Departure of the Diligent Watcher of Croatian Film Heritage

Thanks to Mato Kukuljica, Croatia became superior to its neighbors in the area of film preservation. His credits for the Croatian cinema are huge. Under his management Croatian Cinematheque became member of the International Federation of Film Archives (FIAF) as well as the Association of European Filmarchives (ACE).

If Croatian cinema has in any way been superior to its neighbors in the region during the last two decades - even during the “dark” nineties - it was in the area of film preservation. While national film gems in Slovenia and Serbia cried for restoration and protection, Croatian Cinematheque, part of the Croatian State Archive, did that job with a full head of steam.

The man to thank for doing so is the director of the Croatian Cinematheque at the time, Mato Kukuljica. He was born in Dubrovnik in 1941 and graduated from the University of Philosophy in Zagreb in 1965. He began his career in then agile company Filmoteka 16, which specialized in producing 16-mm films. In 1974 became its director and intensified the company’s publishing activities. The most important part of his career began in 1979 when he became the director of the newly established Croatian Cinematheque within the Croatian State Archive.

From the Yugoslav Cinematheque in Belgrade Kukuljica managed to get short films by the most important Croatian film director before WW II Oktavijan Miletić, as well as films from the legendary School of Public Health Andrija Štampar - had he not started the process of transferring these films to non-flammable tape and begun their restoration, we probably would not have the chance to see them today. During the 1980s Kukuljica was a crafty secretary of the self-governing interest group for culture and cinema (a model used for self-financing of film production as well as culture and education in general), which at the time controlled film production and distribution. When a movie theatre in Šibenik was in trouble, the interest group would step in and save it. We should be so lucky these days to have such a system and someone as Kukuljica who managed to withhold the attacks of domestic directors who demanded that their projects be favored. Until 1993, protection and preservation of national treasure was only an intermittent activity but since then it has become one of the main goals of the Croatian Cinematheque. About four to five feature films and ten documentaries and animated films get a “face-lift” each year. The results are really impressive: in 2004, when square Kukuljica presented his book “Protection and Restoration of Film Matter” at the former University Library on Marulić, the promotion was accompanied by excerpts from restored Croatian film classics. On that occasion Branko Belan’s Koncert and Nikola Tanhofer’s H-8 were presented in new light reminding us of films from the golden age of Hollywood.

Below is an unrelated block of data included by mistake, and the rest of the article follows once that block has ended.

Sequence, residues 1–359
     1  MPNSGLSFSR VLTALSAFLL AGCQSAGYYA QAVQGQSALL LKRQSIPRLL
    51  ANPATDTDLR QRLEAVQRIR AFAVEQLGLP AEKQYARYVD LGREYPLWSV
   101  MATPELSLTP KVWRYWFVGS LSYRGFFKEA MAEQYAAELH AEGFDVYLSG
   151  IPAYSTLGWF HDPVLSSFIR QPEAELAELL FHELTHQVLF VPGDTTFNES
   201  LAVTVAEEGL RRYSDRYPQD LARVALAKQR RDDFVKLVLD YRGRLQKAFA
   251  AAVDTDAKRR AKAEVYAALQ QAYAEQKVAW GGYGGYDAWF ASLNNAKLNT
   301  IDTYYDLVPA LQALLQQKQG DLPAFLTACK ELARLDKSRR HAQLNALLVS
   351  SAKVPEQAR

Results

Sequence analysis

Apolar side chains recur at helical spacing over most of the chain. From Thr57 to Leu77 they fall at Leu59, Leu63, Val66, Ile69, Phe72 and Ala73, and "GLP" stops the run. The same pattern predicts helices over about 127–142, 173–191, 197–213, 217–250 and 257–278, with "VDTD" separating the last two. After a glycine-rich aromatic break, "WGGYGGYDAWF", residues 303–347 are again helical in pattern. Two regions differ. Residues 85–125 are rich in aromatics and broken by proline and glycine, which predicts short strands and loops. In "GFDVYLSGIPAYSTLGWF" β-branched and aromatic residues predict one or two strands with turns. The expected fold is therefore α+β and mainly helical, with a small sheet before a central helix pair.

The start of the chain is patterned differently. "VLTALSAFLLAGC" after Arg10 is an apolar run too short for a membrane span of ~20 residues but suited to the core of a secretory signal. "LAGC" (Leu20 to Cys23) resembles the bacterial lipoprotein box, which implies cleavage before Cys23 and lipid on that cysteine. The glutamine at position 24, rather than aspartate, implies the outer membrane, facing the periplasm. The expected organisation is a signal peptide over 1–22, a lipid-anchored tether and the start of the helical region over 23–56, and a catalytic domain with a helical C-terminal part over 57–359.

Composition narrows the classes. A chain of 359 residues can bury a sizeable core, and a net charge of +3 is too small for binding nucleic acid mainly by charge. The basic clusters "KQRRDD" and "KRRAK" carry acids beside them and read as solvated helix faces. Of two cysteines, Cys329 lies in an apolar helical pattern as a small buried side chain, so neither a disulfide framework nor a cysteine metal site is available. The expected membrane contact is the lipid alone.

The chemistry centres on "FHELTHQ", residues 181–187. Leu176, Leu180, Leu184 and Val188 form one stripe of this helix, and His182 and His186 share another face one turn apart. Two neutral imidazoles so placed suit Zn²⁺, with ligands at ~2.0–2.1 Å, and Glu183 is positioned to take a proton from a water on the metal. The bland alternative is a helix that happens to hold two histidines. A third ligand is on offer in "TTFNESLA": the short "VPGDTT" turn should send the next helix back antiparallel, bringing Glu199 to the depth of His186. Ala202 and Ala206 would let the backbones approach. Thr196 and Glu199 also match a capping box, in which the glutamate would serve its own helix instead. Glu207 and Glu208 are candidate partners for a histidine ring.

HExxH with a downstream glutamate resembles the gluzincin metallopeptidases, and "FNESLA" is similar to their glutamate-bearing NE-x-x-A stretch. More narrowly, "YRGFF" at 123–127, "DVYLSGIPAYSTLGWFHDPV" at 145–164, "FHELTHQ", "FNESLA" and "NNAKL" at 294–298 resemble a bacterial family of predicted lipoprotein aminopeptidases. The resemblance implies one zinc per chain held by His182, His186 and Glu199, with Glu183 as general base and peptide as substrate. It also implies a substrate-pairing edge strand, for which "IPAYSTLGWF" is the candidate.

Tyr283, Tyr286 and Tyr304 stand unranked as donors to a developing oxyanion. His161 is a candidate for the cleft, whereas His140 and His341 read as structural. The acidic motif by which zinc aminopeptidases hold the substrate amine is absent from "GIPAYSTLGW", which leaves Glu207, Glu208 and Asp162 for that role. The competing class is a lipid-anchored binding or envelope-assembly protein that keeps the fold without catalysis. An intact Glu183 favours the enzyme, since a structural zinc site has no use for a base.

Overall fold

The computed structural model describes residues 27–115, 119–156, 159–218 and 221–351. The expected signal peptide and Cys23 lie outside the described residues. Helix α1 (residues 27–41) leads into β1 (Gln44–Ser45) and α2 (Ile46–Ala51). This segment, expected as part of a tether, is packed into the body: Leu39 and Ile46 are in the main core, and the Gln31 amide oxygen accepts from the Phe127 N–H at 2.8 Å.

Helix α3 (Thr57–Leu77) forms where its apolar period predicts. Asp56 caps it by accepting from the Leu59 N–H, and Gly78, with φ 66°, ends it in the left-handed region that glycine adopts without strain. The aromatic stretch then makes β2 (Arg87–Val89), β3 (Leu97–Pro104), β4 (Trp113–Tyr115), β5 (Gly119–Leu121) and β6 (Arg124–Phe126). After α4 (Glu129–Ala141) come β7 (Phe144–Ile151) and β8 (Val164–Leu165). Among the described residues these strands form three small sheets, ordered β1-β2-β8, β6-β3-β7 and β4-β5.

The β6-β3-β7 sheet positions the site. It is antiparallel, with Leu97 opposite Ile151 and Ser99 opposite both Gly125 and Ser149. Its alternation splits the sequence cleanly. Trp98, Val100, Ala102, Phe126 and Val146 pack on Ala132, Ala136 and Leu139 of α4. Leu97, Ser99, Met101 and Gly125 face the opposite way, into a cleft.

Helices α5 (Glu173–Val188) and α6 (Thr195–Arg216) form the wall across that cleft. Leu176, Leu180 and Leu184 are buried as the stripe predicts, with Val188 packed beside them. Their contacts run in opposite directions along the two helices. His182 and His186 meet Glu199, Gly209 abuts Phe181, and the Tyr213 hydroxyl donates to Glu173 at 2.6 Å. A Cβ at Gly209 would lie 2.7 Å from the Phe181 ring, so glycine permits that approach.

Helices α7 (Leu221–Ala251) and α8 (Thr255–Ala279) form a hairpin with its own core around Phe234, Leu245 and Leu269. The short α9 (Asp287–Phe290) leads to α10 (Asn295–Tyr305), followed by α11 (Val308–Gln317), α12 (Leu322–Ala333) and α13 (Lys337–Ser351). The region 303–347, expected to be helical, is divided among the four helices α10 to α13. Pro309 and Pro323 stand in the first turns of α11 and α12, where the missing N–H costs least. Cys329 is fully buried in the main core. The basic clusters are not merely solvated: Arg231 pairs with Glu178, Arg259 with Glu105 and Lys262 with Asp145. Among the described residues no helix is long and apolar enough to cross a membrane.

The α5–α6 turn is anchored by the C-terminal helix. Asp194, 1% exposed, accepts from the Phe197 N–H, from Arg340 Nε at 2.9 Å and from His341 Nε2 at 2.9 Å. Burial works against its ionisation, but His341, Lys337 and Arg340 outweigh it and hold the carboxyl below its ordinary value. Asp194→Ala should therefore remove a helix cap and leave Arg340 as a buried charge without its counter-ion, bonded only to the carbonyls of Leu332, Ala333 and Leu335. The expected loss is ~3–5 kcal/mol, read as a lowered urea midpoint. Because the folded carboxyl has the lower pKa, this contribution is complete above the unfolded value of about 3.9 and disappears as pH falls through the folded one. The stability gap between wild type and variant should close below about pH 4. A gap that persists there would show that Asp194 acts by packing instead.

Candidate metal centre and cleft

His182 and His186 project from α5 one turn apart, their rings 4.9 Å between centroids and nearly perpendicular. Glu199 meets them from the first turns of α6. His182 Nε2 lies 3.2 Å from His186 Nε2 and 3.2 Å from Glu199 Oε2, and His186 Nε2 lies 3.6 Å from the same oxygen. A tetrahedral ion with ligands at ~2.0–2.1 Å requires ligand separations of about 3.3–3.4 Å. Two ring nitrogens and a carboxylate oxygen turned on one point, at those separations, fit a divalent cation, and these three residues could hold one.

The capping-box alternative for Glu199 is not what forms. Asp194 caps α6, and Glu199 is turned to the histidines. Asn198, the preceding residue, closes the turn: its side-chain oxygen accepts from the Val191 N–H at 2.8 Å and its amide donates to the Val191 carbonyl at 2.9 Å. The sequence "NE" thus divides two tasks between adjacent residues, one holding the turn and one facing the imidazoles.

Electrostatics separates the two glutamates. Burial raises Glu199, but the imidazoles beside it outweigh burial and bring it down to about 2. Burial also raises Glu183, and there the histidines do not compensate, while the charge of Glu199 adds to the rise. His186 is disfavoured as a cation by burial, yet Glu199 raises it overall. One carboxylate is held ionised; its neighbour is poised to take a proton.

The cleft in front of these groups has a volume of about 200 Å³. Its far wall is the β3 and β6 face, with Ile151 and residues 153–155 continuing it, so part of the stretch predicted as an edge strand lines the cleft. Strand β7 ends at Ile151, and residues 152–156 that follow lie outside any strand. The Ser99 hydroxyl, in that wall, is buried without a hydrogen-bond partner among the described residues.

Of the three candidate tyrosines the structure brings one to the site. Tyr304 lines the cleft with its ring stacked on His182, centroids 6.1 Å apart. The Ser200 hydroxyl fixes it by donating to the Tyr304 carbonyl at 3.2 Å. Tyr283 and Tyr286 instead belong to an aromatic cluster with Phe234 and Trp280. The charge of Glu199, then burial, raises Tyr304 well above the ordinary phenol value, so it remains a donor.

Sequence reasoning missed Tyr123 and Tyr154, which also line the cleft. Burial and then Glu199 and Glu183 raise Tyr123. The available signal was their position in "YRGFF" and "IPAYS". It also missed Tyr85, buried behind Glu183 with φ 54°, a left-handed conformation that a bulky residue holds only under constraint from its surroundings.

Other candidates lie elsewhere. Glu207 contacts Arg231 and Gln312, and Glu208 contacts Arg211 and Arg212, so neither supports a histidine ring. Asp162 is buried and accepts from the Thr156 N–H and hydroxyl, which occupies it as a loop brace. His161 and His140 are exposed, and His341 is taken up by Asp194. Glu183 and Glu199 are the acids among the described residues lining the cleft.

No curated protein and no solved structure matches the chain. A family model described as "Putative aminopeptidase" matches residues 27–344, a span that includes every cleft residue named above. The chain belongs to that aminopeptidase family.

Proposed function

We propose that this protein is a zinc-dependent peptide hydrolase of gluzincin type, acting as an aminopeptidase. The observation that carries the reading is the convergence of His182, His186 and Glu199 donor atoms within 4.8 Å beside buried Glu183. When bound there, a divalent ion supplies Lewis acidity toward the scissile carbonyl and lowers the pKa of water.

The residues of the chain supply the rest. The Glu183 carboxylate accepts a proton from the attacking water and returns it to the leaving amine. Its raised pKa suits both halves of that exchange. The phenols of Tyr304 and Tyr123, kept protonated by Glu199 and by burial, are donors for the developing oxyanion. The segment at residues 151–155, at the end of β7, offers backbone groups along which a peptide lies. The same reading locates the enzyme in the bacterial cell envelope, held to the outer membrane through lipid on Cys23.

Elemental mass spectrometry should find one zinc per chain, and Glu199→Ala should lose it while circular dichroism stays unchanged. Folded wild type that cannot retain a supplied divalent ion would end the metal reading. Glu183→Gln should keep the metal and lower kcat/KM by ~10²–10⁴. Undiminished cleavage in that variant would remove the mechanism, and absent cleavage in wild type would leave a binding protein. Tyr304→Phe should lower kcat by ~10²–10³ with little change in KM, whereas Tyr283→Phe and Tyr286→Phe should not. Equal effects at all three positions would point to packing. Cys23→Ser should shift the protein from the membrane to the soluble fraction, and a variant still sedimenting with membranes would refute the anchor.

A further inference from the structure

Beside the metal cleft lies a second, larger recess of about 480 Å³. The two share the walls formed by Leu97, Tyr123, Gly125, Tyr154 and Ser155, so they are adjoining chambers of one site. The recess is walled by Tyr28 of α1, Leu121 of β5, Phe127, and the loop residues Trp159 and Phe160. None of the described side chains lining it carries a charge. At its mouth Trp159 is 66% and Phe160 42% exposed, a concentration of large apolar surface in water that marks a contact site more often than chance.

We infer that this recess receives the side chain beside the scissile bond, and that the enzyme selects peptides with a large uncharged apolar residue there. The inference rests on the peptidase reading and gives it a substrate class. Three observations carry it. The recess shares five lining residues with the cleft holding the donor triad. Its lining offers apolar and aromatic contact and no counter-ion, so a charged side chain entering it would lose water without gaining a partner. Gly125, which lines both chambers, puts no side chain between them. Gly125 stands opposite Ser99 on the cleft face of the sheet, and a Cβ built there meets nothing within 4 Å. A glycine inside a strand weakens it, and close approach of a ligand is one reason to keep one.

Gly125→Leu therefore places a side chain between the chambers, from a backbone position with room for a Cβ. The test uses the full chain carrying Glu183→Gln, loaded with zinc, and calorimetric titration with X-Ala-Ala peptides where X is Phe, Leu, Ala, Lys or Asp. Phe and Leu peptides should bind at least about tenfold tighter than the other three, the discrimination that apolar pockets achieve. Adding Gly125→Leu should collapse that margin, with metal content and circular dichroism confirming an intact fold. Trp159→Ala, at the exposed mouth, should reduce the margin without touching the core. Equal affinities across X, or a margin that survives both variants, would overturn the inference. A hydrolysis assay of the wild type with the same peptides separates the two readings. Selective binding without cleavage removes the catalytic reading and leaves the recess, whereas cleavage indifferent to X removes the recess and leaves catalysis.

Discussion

What Kukuljica did for Croatian cinema is hugely important. Under his management, Croatian Cinematheque became member of the International Federation of Film Archives (FIAF) as well as the Association of European Filmarchives (ACE). In 2001, he got a master\'s degree and earned a doctorate with a thesis that reads like a detective story on the protection and restoration of film material, explaining in detail how some of the most important Croatian films, without which we would not have a distinct national film identity today, had been saved. During his retirement years and until his sudden death Kukuljica worked in the Croatian Cinematheque as an advisor for the area in which he had done so much. It is an immense shame that he is no longer with us. (Nenad Polimac, Jutarnji list)